I Am Rich

More often than not, we measure someone’s success, their worth, their like-ability and or level of importance by their pocketbooks and bank accounts. Ask yourself – how often have you been impressed when someone in front of you in the grocery line and whips out a hundred dollar bill to pay for $5 worth of ‘stuff’? Or how about the guy who pulls out his money clip and there must be — what? A thousand twenty dollar bills in that thing? Our first thought is probably along the lines that the man or woman is most likely pretty well off, if not just stinkin’ rich. And maybe – just maybe – they are not rich at all. After all, how do you define ‘rich’?

About a week ago, I was thinking about all the people I know who are sick or are caring for a loved one who is sick or struggling with an illness of whatever sort. It doesn’t have to be cancer. It doesn’t have to be Parkinson’s disease. It can be depression. An addictive behavior. Insecurities. Nightmares of the past. Some sort of illness that debilitates you from living fully in the now.

Jan’s husband of 23 years is in the hospital fighting what the doctors have called a ‘losing’ battle with cancer. I talked to her the other day – not long after she received the news of her daughter being in a horrifying car accident, not expected to live. She’s pulled through – somehow. So far. Oh – and did I mention Jan doesn’t work and besides her husbands little income, she relies on what little she receives from Social Security Disability Income because she was diagnosed with Young Onset Parkinson’s disease six years ago at the age of 38?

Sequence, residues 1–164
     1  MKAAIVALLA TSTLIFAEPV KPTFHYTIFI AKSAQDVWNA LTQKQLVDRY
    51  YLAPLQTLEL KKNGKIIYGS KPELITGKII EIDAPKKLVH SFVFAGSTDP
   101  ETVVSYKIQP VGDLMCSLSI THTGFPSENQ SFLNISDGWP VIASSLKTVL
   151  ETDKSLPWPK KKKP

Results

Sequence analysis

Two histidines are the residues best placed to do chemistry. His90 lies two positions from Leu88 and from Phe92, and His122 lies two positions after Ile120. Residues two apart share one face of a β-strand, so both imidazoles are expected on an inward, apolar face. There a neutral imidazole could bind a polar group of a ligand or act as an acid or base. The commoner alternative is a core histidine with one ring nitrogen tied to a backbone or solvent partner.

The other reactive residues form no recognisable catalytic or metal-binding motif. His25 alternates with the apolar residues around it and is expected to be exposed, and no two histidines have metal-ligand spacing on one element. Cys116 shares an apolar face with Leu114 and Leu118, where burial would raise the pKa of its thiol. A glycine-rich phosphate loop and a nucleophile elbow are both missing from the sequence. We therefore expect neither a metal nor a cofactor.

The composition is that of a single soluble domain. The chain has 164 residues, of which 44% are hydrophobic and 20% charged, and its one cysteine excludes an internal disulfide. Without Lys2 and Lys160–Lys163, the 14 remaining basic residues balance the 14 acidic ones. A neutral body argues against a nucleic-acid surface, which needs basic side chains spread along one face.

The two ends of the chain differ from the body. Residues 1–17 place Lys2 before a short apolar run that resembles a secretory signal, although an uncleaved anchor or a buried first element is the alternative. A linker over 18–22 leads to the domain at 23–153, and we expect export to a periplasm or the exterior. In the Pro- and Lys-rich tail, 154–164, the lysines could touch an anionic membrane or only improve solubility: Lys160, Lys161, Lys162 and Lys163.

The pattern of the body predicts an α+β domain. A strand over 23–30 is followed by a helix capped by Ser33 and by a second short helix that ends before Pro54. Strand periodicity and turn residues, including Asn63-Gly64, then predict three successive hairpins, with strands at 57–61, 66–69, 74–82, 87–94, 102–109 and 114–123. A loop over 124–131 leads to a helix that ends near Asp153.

Lance was given up for adoption at birth so his mother could continue her sordid lifestyle. Raised in a foster home, he was addicted to heroin by the age of twelve, under the guidance of his lovely foster parents. By the time he was fourteen, he ran away from the drug, mental, emotional, physical and sexual abuse that defined his childhood.

Lindsey has just divorced after a 28 year long battle with a man who admittedly never loved her and expected a slave servant instead. There was no affection, no physical touch – unless you count the tip of the gun touching the tip of her nose while he threatened her to obey. She obeyed for 28 years until he found someone his senior who was able to take care of him in a monetary lifestyle he had only dreamed of. Lindsey was left with absolutely nothing.

I could go on and on. I see some of these faces each day. I talk to the voices and hear their tales of anguish and their desperate cries for hope and healing. Some of them hold on to a rope of faith in which they cannot see Who holds the other end. But they know. Oh – do they know. Some lay in bed at night and as the darkness consumes their being, they are desperately yearning for some lifeline that they can grasp hold of.So… about a week ago I’m driving in the car thinking of these people. Of course, this was right after I was thinking about myself. Thinking about how I feel like such a burden emotionally, physically, and financially to others because I have Parkinson’s disease. Thinking about addictions that ravage our families and even though ‘only’ three out of 18 family members have some sort of addiction, those ‘addictions’ personally affect all 18 people. And there’s more I was dwelling on, but as I was thinking about myself, I pulled up to a glaring red light and that is where God stopped me.